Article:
Monday, August 08, 2005

Grace: Your body's or Someone Else's?

Tyler asked me to read The Body's Grace by Rowan Williams - a defense of homosexuality by the future Archbishop of Canterbury, the head of the Anglican Church in England.

The Good

My mom (and everyone else's I think) said "if you cannot say something nice, do not say anything at all"; and there are some things here that are exquisite:
The whole story of creation, incarnation and our incorporation into the fellowship of Christ's body tells us that God desires us, as if we were God, as if we were that unconditional response to God's giving that God's self makes in the life of the trinity. We are created so that we may be caught up in this; so that we may grow into the wholehearted love of God by learning that God loves us as God loves God.
This nearly erotic picture of God's love for us gives us deep understanding of the significance, acceptance, and security we have in Christ. He continues:
The life of the Christian community has as its rationale . . . the task of teaching us this: so ordering our relations that human beings may see themselves as desired, as the occasion of joy
Indeed, all Heaven celebrates when any one of us is saved. The core of all evangelism is to have non-believers see that God loves them; desires them to share in that loving relationship with Him; and that nothing they have done in their life alters that.

Williams shows the true heart of a loving sexual relationship: that each partner's sexual pleasure comes in pleasing the other and not themselves. He comes close to calling heterosexual sex in a legal marriage perversion if "in that they leave one agent in effective control of the situation - one agent, that is, who doesn't have to wait upon the desire of the other." and later mentions 1 Corinthians 7
4 The wife does not have authority over her own body, but the husband does; and likewise also the husband does not have authority over his own body, but the wife does.
Of course, I think in this case he is better served mentioning any of the "one flesh" quotes; but oh well. Also, he mentions Ephesians 5:
28 So husbands ought also to love their own wives as their own bodies. He who loves his own wife loves himself; 29 for no one ever hated his own flesh, but nourishes and cherishes it, just as Christ also does the church,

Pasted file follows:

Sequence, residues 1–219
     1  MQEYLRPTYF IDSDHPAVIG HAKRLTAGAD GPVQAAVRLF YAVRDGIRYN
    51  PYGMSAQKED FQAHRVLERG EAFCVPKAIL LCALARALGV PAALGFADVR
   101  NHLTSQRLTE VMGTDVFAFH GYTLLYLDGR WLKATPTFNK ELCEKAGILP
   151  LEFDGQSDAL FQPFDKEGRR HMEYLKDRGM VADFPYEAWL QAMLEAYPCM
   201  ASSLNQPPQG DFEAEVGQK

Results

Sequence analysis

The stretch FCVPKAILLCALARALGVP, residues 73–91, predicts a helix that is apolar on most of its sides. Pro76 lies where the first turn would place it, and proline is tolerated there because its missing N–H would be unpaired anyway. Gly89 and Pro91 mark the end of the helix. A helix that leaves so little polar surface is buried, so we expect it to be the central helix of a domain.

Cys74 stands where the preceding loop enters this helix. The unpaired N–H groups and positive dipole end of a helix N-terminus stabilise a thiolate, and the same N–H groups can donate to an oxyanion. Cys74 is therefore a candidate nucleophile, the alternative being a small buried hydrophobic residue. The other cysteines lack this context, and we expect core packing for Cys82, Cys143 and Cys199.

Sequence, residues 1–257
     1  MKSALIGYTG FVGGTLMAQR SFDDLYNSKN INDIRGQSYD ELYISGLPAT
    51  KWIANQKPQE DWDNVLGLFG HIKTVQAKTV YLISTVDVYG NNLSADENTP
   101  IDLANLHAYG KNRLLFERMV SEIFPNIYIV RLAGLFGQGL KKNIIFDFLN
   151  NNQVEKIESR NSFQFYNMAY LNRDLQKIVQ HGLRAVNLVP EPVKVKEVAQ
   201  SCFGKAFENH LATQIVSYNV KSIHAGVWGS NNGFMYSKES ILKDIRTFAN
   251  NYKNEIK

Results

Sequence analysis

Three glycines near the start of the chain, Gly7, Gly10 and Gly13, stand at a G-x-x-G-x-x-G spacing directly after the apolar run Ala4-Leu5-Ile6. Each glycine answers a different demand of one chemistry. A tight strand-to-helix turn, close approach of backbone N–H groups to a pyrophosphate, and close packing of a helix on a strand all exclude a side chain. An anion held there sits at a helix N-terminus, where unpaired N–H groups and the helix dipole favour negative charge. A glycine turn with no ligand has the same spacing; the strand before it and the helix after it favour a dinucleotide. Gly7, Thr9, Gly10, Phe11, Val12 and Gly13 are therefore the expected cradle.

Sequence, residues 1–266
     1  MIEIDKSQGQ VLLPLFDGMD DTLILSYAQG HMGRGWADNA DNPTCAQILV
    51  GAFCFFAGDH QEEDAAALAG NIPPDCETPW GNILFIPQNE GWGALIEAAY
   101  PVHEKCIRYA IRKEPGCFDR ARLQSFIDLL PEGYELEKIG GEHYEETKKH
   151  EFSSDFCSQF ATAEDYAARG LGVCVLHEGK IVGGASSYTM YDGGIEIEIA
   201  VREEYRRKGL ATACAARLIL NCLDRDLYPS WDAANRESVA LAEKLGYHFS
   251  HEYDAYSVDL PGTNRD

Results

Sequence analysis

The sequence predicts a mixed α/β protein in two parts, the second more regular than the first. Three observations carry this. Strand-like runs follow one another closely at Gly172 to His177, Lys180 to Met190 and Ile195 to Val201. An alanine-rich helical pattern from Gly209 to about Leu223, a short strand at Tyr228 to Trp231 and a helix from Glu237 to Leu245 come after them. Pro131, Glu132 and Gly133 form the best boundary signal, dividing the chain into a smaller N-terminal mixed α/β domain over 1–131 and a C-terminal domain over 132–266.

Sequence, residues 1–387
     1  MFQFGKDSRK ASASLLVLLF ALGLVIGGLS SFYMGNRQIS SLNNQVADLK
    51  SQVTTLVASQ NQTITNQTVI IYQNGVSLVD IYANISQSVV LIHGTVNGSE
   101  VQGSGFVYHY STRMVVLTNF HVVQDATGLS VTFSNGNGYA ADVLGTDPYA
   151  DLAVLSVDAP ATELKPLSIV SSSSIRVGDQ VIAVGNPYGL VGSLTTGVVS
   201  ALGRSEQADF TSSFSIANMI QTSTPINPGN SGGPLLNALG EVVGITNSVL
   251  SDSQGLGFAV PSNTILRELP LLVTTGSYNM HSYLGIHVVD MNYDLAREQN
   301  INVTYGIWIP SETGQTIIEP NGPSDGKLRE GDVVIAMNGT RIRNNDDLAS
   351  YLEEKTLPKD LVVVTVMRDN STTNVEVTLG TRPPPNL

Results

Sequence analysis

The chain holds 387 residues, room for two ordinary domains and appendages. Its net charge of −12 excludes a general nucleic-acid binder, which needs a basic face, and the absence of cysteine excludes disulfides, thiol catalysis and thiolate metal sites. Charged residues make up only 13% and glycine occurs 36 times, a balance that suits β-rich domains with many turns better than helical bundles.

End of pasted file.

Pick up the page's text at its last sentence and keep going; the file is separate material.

All in all, him and I agree that the sexual relationship God wants is one where the partners unite mind, body and soul; treat each other unselfishly sexually; and put their partner's needs on all of these levels over their own. This is the relationship that serves God and glorifies Him; it is what marriage in His name should be; and being heterosexual and married does not imply you have this. Finally, he "tantalizes" with this:
I suspect that a fuller exploration of the sexual metaphors of the Bible will have more to teach us about a theology and ethics of sexual desire than will the flat citation of isolated texts
The Bad

And delivers nothing:
"and I hope other theologians will find this worth following up more fully than I can do here."
This is what I expected him to do. He did have time to spend a third of his space on examples from the Raj Quartet by Paul Scott; and quotes from Thomas Nagel and Susan Griffin.

Now for homosexuality: Archbishop Williams argues that homosexual relationships are able to embody that complete unselfishness and abandonment of self to the other, and therefore they too will reflect and glorify God. Garry J. Williams, in The Theology of Rowan Williams:
"The method which Williams employs in his theological argument entails a significant non sequitur. He finds that God desires his people, and he identifies sexual desire with that desire in God. There may be some basis for this analogy, given that God is so often in Scripture depicted as the husband of his bride. It is, however, hermeneutically dubious to use the relation betweenGod and his people to justify specific sexual activity" [and] "There are thus two leaps here. One is from the desire or love of God for his people to human sexual desire, and the other is from heterosexual biblical examples to homosexual acts. Like the first, this second leap is consistently and conspicuously absent in the Bible . . . Scripture does not make the step which Williams makes, in that it customarily marks a clear distinction between heterosexual and homosexual relations and compares aspects of God's relation to his people with the former and not the latter."